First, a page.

I once worked on revising a newsroom stylebook and startled a fellow member of the committee by pointing out that the highest U.S. military decoration is the Medal of Honor, not the Congressional Medal of Honor. He shook his head in disbelief. "I've always heard it as the Congressional Medal of Honor," he said. I hit him with the full weight and majesty of the Associated Press Stylebook , and he submitted, but only reluctantly, with further head-shaking and muttering. Thus I learned a valuable lesson: Once an idea lodges in a journalist's noggin, it has adamantine endurance.
NEWS
By John E. McIntyre and The Baltimore Sun | March 7, 2012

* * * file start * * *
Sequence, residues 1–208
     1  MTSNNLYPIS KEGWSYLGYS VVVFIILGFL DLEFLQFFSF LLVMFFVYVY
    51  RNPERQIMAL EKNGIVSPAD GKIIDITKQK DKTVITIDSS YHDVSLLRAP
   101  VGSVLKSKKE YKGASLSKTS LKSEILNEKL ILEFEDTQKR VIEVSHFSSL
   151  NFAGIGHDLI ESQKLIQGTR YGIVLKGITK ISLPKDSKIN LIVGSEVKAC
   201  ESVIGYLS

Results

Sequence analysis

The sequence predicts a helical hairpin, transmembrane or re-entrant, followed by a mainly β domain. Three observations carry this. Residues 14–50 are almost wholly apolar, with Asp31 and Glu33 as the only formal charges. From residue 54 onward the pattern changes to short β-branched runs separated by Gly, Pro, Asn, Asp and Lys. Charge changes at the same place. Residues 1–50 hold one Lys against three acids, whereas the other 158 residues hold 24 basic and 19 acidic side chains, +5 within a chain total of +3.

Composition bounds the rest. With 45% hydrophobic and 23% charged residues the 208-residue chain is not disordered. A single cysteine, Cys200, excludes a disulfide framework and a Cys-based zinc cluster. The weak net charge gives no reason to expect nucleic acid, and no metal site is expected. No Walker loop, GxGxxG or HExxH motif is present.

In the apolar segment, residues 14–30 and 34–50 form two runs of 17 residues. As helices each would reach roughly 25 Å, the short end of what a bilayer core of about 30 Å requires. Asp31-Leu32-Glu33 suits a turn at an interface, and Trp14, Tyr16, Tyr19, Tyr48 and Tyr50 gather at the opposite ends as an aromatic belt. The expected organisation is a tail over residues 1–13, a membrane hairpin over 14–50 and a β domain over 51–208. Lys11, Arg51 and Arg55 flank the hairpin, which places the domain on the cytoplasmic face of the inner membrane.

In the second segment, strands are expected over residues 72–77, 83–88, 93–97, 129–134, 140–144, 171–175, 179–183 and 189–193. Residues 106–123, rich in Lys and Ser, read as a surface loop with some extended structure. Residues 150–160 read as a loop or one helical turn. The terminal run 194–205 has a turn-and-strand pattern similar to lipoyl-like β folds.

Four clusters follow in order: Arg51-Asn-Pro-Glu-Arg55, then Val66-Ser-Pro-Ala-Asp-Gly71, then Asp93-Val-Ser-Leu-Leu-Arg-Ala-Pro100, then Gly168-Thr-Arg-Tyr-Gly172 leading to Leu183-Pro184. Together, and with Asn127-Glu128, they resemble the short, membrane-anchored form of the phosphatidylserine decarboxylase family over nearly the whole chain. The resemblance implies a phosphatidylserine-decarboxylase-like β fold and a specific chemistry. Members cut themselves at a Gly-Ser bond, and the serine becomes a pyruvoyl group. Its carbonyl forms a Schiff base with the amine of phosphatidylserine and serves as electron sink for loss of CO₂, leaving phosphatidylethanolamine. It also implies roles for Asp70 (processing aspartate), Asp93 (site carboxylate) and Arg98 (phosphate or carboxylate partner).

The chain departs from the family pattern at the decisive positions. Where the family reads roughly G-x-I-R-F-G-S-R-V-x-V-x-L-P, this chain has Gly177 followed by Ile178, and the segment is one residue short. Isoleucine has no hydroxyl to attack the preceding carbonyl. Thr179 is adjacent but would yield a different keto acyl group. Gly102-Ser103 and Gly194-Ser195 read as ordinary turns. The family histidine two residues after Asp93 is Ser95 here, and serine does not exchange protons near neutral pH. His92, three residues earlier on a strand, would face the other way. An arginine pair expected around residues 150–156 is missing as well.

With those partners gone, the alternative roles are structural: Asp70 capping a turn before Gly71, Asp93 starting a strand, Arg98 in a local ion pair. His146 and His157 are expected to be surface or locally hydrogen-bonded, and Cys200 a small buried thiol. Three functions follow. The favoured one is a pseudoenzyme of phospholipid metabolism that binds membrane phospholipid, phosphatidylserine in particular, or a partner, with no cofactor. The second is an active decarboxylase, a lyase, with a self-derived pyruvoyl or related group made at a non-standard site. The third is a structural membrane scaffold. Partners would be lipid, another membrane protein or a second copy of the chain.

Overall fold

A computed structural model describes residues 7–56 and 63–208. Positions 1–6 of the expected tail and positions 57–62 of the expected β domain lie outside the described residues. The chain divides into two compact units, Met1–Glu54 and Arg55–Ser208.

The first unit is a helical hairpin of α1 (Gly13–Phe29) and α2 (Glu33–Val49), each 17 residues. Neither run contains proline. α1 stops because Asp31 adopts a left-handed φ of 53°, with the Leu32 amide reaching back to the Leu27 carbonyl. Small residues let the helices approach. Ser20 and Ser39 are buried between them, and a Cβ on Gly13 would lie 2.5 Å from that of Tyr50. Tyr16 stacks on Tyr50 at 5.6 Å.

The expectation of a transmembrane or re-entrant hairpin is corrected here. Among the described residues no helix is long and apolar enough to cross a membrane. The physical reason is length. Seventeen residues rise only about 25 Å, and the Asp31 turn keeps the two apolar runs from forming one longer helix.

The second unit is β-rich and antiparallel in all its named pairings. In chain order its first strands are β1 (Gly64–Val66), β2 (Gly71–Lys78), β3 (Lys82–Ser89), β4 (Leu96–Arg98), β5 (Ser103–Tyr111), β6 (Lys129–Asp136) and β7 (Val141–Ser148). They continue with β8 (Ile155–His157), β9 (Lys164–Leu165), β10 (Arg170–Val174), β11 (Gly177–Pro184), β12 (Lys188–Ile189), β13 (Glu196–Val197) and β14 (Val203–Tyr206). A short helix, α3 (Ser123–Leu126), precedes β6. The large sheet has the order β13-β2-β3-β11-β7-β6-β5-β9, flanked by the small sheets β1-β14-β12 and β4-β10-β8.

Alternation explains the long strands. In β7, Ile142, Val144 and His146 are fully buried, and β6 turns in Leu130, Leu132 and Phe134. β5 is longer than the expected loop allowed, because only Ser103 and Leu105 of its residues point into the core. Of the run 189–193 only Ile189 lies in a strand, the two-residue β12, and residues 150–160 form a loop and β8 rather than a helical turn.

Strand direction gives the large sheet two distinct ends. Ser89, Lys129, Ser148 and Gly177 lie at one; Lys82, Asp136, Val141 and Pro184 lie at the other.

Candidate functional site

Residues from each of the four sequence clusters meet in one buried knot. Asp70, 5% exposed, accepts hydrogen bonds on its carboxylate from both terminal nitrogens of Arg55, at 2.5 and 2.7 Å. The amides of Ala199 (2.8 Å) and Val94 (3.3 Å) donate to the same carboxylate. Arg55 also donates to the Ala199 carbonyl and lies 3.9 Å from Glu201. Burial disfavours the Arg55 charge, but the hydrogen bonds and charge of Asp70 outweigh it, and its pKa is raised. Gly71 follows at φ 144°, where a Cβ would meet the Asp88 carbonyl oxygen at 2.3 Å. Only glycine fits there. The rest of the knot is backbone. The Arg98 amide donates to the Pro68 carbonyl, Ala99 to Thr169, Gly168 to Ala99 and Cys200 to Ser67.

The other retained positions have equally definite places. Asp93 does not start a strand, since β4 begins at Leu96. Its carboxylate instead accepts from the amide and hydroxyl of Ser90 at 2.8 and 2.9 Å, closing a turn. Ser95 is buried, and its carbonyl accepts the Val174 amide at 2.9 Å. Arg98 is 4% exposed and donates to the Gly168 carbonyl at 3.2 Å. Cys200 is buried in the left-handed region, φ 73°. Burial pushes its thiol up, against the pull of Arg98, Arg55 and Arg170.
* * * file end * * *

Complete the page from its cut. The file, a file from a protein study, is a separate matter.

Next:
In advance of National Grammar Day, Mignon Fogarty (Grammar Girl!) reposted her "Top Ten Grammar Myths. " One of the responses was from Renee Schuls-Jacobson, in an ill-informed comment* that contained a blunder in grammar . Ms. Schuls-Jacobson described herself as an English professor, and, indeed, she appears to teach composition at Monroe Community College in New York. In 2009, appearing on Dan Rodricks's Midday show to talk about grammar, I got note from Margaret Benner of the writing support program at Towson University disputing my use of discretionary commas . It was so weirdly out there that the usually unflappable Jan freeman was moved to comment: "It is so very depressing to hear that a college writing teacher actually believes that is a 'rule.' I don't even think it's the preferable option; I would use the commas in both sample sentences, and I've spent my career as an editor and a student of English usage.